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The Secret to Aging Well

General Interest

While a healthy diet and exercise have long been recognised as the closest formula we have to a fountain of youth, it seems research may now have uncovered the secret to aging well.

It’s a lot more fun than you may expect! Studies have shown that as we age, those who maintain close connections and relationships not only live longer, but they are also able to cope better with health conditions and experience less depression. What better reason to get out there and socialise?

Working, raising a family, maintaining a household, it’s easy for our social lives to get pushed further and further down the list as we age. But whether it’s friends, family, or even your neighbours, maintaining those relationships are important.

In fact, positive relationships can be just as important as nutrition and physical activity when it comes to our health and wellbeing. And, even though relationships with others may evolve over time, maintaining a strong social network as we age can contribute to a longer, healthier life. There’s no shortage of evidence.

Since Louis Cozolino, a university Professor of Psychology, published The Neuroscience of Human Relationships in 2014, the field of social neuroscience has expanded signifi cantly. The fact that those with more social support tend to have better mental health, cardiovascular health, immunological functioning and cognitive performance is now more widely recognised than ever before.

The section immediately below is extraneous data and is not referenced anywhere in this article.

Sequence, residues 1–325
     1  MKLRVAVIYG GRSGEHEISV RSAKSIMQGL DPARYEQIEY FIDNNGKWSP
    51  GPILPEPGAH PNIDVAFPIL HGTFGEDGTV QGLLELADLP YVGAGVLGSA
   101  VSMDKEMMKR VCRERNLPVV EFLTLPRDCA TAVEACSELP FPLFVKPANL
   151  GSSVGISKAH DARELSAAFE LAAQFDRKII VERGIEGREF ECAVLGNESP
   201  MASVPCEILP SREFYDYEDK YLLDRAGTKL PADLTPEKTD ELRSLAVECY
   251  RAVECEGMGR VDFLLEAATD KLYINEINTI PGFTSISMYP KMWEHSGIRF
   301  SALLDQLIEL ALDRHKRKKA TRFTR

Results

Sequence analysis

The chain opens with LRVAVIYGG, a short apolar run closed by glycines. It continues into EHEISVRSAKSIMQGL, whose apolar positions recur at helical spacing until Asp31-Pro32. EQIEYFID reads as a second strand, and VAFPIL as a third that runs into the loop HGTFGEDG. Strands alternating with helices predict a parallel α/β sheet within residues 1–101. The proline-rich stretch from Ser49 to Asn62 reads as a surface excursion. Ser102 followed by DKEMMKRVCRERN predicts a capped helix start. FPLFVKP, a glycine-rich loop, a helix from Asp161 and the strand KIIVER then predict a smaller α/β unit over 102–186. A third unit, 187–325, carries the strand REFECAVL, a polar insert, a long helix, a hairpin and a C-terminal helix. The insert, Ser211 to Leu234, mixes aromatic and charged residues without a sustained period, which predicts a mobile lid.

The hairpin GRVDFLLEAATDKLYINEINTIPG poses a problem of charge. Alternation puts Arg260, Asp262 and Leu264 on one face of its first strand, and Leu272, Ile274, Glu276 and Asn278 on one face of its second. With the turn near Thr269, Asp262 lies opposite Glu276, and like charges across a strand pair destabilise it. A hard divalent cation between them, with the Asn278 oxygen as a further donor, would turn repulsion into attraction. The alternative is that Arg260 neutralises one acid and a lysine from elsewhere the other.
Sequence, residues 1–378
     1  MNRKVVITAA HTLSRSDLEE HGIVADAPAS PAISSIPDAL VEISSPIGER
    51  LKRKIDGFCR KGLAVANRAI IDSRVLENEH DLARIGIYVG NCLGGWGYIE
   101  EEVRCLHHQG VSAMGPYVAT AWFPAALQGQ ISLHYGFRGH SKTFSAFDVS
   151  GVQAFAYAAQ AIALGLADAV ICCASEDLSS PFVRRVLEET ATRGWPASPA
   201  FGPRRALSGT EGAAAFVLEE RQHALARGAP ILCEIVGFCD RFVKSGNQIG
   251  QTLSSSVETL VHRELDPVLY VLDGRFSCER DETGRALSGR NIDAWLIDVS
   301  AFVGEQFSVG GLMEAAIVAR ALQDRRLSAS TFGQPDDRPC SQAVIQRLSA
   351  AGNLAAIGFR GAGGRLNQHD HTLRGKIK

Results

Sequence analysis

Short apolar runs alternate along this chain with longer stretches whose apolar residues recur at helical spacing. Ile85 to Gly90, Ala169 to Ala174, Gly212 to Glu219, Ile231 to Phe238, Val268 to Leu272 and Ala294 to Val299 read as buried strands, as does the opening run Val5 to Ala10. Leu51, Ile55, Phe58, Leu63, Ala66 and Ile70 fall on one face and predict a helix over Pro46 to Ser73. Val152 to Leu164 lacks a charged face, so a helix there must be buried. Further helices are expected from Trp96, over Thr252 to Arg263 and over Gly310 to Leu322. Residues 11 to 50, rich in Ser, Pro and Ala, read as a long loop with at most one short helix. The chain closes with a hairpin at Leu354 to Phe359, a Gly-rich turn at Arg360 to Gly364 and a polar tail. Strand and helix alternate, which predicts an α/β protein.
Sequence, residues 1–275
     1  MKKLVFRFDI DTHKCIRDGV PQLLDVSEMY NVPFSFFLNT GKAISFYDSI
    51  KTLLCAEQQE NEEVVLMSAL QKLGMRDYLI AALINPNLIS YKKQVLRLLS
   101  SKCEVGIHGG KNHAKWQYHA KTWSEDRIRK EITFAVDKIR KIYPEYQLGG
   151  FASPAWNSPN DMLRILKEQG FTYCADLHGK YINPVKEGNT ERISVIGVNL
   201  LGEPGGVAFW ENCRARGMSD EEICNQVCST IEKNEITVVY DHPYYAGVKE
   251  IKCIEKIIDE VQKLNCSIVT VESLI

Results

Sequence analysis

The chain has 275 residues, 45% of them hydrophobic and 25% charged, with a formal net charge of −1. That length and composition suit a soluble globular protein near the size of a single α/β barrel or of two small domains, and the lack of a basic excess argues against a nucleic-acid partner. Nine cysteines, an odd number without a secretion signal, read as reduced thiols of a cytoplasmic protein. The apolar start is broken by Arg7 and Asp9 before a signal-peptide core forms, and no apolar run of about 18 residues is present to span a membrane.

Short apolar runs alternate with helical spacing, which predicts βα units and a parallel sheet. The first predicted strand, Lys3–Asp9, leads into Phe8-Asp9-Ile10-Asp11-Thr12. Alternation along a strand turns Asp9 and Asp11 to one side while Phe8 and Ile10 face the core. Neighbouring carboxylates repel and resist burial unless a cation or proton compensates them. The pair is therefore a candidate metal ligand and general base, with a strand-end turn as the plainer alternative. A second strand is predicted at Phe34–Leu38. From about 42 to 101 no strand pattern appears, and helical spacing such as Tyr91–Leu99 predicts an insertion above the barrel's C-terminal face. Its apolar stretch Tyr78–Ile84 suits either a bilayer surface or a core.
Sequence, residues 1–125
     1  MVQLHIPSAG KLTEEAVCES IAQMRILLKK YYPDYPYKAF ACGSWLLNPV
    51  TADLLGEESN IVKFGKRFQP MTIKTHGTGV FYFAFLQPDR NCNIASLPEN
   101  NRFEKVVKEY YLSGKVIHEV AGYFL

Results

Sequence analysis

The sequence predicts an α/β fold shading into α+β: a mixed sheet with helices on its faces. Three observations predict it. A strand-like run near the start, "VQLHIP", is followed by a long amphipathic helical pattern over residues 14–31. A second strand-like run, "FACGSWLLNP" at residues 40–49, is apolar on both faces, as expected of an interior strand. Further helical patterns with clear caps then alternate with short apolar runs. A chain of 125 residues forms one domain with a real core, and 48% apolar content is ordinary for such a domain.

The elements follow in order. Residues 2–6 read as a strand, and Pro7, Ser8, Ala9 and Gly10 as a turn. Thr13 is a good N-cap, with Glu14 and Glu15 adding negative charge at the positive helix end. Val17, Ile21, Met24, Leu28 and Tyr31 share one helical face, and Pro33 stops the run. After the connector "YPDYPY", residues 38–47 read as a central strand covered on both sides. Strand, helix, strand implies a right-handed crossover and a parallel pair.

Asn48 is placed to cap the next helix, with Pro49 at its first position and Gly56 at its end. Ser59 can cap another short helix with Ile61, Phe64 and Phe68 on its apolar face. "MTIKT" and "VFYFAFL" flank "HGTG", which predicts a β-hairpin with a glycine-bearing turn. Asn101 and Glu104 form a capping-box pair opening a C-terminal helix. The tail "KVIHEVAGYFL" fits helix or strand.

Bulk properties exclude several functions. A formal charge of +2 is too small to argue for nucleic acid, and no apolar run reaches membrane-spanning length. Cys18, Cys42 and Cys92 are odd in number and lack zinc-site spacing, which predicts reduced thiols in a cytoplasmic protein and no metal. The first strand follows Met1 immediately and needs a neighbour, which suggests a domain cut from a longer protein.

The well-known, long-running Harvard Medical School Nurses’ Health Study was one of the early studies to reveal how being socially integrated can lead to greater health, life satisfaction, and longevity over time.

Meanwhile, another study involving nearly 7,000 people over a nine-year period, found that those with more social ties tended to live longer regardless of their socioeconomic status, smoking, drinking, exercise, or obesity.

The mortality rate of men with the fewest ties was 2.3 times that of men with the most ties, while the mortality rate of women with the fewest ties was 2.8 times that of women with the most ties. Thankfully, village life makes it easier than ever before to maintain a strong social network.

How to expand your friend circle

• Do a social network inventory - are there people you have already met you could connect with?

• Make the effort to reach out

• Join or volunteer for a group or club or cause you are interested in

• Be active, it is an amazing way to meet other people

• Use technology: sometimes face to face contact just isn’t do-able, so get up to speed on technology because there are plenty of ways to connect with loved ones online

• Go where people are! It sounds obvious, but put yourself out there and attend events, church or community activities • Extend and accept invitations

• Take a class or join a club - learn to paint, learn to cook, take a creative writing class. Keep an active mind, and who knows – you may fi nd a new friend!

• Make yourself available — relationships take time and effort, but they’re always worth it.

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